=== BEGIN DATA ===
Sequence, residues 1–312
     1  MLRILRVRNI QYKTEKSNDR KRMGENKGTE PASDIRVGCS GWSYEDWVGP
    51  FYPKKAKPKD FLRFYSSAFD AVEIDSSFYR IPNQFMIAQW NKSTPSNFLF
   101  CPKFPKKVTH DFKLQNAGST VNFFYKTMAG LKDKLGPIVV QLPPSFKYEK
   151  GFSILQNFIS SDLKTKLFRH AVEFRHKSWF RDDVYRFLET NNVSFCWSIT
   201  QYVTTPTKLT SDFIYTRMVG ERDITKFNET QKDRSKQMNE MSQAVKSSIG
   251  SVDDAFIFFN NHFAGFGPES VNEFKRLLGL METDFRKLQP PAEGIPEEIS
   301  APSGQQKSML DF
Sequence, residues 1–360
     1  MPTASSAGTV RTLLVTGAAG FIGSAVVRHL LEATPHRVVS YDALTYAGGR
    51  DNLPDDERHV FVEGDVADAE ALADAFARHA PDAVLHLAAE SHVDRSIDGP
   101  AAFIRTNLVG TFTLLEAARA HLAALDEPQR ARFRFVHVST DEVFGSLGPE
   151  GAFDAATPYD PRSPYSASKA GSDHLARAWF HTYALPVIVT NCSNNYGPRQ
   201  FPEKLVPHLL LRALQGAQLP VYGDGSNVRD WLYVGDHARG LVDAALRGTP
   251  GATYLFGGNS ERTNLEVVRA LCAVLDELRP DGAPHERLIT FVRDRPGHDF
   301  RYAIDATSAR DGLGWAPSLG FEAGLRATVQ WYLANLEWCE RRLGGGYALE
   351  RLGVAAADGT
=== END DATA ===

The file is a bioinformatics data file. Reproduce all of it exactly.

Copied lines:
Sequence, residues 1–312
     1  MLRILRVRNI QYKTEKSNDR KRMGENKGTE PASDIRVGCS GWSYEDWVGP
    51  FYPKKAKPKD FLRFYSSAFD AVEIDSSFYR IPNQFMIAQW NKSTPSNFLF
   101  CPKFPKKVTH DFKLQNAGST VNFFYKTMAG LKDKLGPIVV QLPPSFKYEK
   151  GFSILQNFIS SDLKTKLFRH AVEFRHKSWF RDDVYRFLET NNVSFCWSIT
   201  QYVTTPTKLT SDFIYTRMVG ERDITKFNET QKDRSKQMNE MSQAVKSSIG
   251  SVDDAFIFFN NHFAGFGPES VNEFKRLLGL METDFRKLQP PAEGIPEEIS
   301  APSGQQKSML DF
Sequence, residues 1–360
     1  MPTASSAGTV RTLLVTGAAG FIGSAVVRHL LEATPHRVVS YDALTYAGGR
    51  DNLPDDERHV FVEGDVADAE ALADAFARHA PDAVLHLAAE SHVDRSIDGP
   101  AAFIRTNLVG TFTLLEAARA HLAALDEPQR ARFRFVHVST DEVFGSLGPE
   151  GAFDAATPYD PRSPYSASKA GSDHLARAWF HTYALPVIVT NCSNNYGPRQ
   201  FPEKLVPHLL LRALQGAQLP VYGDGSNVRD WLYVGDHARG LVDAALRGTP
   251  GATYLFGGNS ERTNLEVVRA LCAVLDELRP DGAPHERLIT FVRDRPGHDF
   301  RYAIDATSAR DGLGWAPSLG FEAGLRATVQ WYLANLEWCE RRLGGGYALE
   351  RLGVAAADGT